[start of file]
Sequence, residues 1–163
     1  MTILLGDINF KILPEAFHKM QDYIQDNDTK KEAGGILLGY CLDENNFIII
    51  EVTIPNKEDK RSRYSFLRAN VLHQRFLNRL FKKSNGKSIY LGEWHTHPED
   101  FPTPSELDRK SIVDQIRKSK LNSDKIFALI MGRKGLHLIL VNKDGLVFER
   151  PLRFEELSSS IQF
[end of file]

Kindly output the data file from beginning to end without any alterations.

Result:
Sequence, residues 1–163
     1  MTILLGDINF KILPEAFHKM QDYIQDNDTK KEAGGILLGY CLDENNFIII
    51  EVTIPNKEDK RSRYSFLRAN VLHQRFLNRL FKKSNGKSIY LGEWHTHPED
   101  FPTPSELDRK SIVDQIRKSK LNSDKIFALI MGRKGLHLIL VNKDGLVFER
   151  PLRFEELSSS IQF